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Collecting Australia's Folk Culture

Folk culture in Australia — and around the world — is most often regarded as part of intangible cultural heritage. It is highly vulnerable to change and destruction, particularly from the impacts of globalisation and mass culture. Documenting folk culture before it was irretrievably lost has been the mission of those who amassed the two documentary heritage collections described here – the Australian Children’s Folklore Collection in Museum Victoria, and the John Meredith Folklore Collection 1953-1994, held in the National Library of Australia.

The first collection is the work of dedicated scholars, Dr June Factor and Dr Gwenda Davey; the second was the long-held passion of writer, performer and photographer John Meredith.

The Australian Children’s Folklore Collection has been developed from the 1970s onwards, and its thirteen collections are classified in two categories: folklore of children and folklore for and about children.

Folklore of children documents children’s playlore, such as riddles, parodies, rhymes, jokes, clapping and ball bouncing games, entries in autograph albums, insults and war cries. It has also captured memories of Indigenous, regional and multicultural childhoods, and adult memories of childhood pastimes and games. A visiting American folklorist, Dr Dorothy Howard, amassed a collection of over 1000 games from around Australia during a ten-month visit in the mid-1950s, and her invaluable research and publications on Australian children’s folklore are also included in the collection.

Folklore for and about children contains folklore told by adults to children in a range of languages, including Arabic, Croatian, English, Greek, Italian, Macedonian, Pintjantjatjara, Serbian, Spanish and Turkish. An Old Wives’ Tales collection has preserved beliefs and folk sayings dealing with the sensitive topics of pregnancy and birth.

There was a time, as late as the 1960s, when speaking with a broad Australian accent was considered improper on radio, television or the movie screen. ‘Aussie English’ was acceptable for actors playing character parts, but for the rest, well-modulated BBC English was the desirable norm. And in post-Second World War Australia, the only local folk songs widely known were ‘Waltzing Matilda’,’ Click Go the Shears’, ‘Botany Bay’ and ‘Nine Miles to Gundagai’. It was John Meredith’s achievement to pioneer the task of recording and opening up the nation’s extensive folk music heritage, and releasing the Australian accent from its colonial shackles. The John Meredith Folklore Collection 1953-1994 documents this heritage.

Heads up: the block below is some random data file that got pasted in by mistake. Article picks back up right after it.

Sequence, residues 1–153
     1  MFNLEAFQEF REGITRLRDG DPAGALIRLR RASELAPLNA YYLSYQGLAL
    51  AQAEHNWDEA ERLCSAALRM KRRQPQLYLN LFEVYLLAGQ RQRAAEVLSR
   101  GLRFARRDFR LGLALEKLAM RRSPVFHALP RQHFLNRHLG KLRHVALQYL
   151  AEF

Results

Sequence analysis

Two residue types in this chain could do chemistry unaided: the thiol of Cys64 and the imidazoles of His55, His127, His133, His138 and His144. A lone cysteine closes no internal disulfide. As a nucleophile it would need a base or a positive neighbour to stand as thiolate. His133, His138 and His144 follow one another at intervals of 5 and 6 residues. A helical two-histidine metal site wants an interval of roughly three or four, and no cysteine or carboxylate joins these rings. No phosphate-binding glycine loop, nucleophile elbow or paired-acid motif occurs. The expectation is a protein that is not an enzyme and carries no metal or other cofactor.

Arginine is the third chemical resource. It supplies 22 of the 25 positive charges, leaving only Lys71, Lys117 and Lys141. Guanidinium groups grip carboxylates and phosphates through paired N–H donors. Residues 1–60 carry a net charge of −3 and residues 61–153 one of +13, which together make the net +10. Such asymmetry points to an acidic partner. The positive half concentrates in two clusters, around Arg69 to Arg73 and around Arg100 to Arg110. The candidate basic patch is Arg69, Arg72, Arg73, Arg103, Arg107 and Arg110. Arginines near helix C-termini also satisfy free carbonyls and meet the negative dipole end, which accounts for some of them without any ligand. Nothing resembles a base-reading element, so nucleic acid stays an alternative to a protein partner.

From 1953 to 1994, Meredith criss-crossed Australia recording rural workers and city dwellers, capturing not only contemporary material, but also music and living memories which stretched back to the shearers’ strike of 1891. He documented an aesthetic for traditional performance which is not that of the elite exponent, and which cannot be documented in transcriptions and other representations. Others, in time, would draw upon his work, perform and popularise it: Gary Shearston would sing ‘The Shearer’s Dream’ and numerous other traditional songs, and the Seekers would make ‘With my Swag on my Shoulder’ into an international hit. Other researchers followed Meredith’s lead and widened the collected record of Australian folk music, but none did it for longer nor created a collection of comparable size. The methodology that Meredith developed and used in his audio recordings remained for decades the approach used by field collectors.

Meredith’s biographer, Keith McKenry, wrote ‘no individual has made a greater contribution to the recording of our musical folk heritage or, arguably, to our knowledge of Australian tradition’.

Both these collections have captured a vanished world, redolent of the richness of Australia’s folk tradition before the advent of the internet and the homogenisation of Australian culture.


Gwenda Beed Davey and Graham Seal (eds), The Oxford Companion to Australian Folklore, Oxford University Press, Melbourne, 1993.

Kevin Bradley (ed.), Folklore collector, photographer, writer, performer, John Meredith, a tribute, National Library of Australia, Canberra, 2006.

Keith McKenry, More Than Life: A Biography of John Meredith, Rosenberg Publishing, Dural, NSW, 2014.

John Meredith and National Library of Australia, Real Folk, National Library of Australia, Canberra, 1995.

Play and Folklore discussion forum, Museum Victoria website,

John Meredith recording

John Meredith recording

Photograph reproduced by permission of the National Library of Australia

Bushwhackers in Reedy River

Bushwhackers in ‘Reedy River’

Photograph reproduced by permission of the National Library of Australia

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